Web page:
UFV statement on Kamloops Indigenous victims

UFV offers condolences to Kamloops Indigenous victims

Trigger Warning//past trauma, death, residential school experience//

The following post includes description of the fate of Indigenous children in British Columbia. This content may be disturbing and you may wish to avoid reading further if this will be upsetting.

Access emotional and crisis referral services by calling the 24-hour national crisis line: 1-866 925-4419. 

The University of the Fraser Valley offers our deepest sympathies and condolences to the families and friends of the 215 victims confirmed at the former Kamloops Indian Residential School on Thursday, May 27, 2021. We offer our condolences to all Indigenous people impacted by this news.

Many of the victims and survivors of this residential school were from communities on S’olh Temexw across the Fraser Valley and have been considered missing – their deaths undocumented for over 60 years. While this recent development may bring some level of closure and peace to those close to the victims, the lasting impact of the genocide against Indigenous people and the horrific legacy of residential schools remain.

These victims will join the growing list of over 4100 documented children on the National Residential School Memorial Registrar who died while attending residential schools across Canada. The University of the Fraser Valley remains steadfast in its commitment towards addressing the calls to action from the Truth and Reconciliation Commission and to fostering an educational system that redresses the atrocities committed against Indigenous peoples.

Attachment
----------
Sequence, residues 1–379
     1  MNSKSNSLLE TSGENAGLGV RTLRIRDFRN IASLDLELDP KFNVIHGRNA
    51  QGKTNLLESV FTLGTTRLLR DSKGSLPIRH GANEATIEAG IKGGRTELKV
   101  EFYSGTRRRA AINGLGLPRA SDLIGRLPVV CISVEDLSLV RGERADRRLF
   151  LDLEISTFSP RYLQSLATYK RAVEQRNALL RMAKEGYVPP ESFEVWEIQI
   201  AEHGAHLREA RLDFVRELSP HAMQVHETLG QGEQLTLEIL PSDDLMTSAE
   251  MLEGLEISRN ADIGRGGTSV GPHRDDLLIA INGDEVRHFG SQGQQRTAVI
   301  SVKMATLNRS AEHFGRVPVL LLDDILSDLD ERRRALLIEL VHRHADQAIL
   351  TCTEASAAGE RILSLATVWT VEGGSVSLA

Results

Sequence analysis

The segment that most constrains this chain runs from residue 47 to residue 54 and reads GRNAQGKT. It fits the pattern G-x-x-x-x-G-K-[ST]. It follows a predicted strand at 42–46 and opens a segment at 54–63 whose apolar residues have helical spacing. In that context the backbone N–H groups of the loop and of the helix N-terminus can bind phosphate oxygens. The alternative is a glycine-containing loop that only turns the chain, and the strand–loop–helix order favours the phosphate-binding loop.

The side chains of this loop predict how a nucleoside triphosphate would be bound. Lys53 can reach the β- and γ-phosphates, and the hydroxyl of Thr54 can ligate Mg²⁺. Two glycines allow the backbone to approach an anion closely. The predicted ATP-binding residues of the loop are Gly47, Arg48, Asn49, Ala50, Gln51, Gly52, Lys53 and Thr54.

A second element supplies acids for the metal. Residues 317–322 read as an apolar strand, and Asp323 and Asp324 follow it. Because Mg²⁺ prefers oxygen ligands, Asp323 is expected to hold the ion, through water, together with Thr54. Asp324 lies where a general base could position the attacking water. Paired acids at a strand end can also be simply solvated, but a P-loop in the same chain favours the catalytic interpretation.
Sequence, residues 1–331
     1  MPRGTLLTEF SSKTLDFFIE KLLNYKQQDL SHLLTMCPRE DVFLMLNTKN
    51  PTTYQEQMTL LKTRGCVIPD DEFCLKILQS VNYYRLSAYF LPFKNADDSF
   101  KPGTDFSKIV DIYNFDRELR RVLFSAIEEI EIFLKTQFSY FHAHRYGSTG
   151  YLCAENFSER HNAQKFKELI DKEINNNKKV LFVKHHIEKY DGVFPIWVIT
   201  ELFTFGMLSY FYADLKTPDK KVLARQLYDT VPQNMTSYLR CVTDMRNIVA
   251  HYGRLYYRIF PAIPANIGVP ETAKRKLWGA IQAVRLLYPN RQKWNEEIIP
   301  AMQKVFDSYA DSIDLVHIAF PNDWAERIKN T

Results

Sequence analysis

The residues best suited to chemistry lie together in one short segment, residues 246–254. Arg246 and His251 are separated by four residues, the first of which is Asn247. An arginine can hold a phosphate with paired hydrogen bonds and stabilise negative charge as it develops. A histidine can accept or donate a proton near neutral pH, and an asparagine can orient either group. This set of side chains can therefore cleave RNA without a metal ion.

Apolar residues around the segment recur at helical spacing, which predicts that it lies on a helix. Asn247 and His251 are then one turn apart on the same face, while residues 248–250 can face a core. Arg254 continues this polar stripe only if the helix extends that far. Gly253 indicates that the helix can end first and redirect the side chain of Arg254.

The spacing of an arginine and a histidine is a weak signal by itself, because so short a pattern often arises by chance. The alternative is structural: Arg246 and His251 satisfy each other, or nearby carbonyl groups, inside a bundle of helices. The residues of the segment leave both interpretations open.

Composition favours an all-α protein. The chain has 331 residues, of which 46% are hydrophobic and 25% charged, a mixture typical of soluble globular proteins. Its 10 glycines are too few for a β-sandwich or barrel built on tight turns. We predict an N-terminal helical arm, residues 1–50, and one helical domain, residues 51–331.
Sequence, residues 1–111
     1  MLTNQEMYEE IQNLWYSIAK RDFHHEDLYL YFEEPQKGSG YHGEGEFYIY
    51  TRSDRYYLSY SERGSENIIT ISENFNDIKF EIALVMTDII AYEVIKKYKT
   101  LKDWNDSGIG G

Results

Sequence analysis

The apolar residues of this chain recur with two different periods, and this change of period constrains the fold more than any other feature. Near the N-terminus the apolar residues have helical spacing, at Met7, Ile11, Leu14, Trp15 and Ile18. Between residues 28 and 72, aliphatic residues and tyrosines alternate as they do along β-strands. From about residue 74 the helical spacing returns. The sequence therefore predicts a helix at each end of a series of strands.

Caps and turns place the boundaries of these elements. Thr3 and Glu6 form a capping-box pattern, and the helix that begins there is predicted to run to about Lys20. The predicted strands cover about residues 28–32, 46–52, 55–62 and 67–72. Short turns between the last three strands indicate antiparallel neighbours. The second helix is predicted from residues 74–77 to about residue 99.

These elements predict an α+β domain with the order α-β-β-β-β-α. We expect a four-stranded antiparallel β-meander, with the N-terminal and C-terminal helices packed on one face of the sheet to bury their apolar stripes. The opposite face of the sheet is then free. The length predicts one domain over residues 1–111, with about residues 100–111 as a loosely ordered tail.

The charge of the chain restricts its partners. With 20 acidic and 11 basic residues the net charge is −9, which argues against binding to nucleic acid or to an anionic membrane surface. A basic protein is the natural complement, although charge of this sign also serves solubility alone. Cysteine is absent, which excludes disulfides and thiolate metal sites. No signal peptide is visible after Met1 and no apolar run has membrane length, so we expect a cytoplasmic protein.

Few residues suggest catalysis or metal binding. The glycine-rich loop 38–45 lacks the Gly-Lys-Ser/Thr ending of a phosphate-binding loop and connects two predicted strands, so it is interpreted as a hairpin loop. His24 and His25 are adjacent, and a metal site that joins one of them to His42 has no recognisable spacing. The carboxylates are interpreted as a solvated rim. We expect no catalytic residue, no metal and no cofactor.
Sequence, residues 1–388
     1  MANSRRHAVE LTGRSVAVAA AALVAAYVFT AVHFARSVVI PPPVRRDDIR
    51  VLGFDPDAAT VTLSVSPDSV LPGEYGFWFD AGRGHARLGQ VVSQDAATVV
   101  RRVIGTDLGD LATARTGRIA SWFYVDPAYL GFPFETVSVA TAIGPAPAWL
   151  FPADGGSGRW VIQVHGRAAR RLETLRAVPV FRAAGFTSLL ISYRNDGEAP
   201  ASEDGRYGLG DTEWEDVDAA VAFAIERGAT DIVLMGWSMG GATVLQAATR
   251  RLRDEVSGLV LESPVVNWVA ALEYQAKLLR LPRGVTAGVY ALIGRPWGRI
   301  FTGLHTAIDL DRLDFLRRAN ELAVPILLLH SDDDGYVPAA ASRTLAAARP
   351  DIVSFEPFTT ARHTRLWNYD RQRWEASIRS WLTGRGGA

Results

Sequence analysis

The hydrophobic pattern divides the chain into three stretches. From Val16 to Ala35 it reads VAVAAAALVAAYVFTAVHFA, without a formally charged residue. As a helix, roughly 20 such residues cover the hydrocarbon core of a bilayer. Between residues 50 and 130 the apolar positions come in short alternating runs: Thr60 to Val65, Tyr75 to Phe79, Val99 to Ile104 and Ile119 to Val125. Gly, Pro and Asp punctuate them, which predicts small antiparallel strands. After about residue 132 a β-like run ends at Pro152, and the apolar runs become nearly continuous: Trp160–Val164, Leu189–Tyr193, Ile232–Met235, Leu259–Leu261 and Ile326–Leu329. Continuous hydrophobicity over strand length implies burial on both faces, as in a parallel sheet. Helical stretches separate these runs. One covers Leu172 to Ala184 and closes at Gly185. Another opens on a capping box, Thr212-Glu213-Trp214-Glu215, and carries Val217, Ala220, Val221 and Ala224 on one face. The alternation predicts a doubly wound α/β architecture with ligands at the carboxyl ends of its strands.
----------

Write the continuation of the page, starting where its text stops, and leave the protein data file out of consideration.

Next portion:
If you need help or support, the National Indian Residential School Crisis Line has been set up to provide support for former students and those affected. Access emotional and crisis referral services by calling the 24-hour national crisis line: 1-866 925-4419.

Within BC, the KUU-US Crisis Line Society provides a First Nations and Indigenous-specific crisis line available 24 hours a day, seven days a week. It’s toll-free and can be reached at 1-800-588-8717 or online at kuu-uscrisisline.com.


Tk’emlúps te Secwépemc Kukpi7 First Nation statement on this finding and confirmation.

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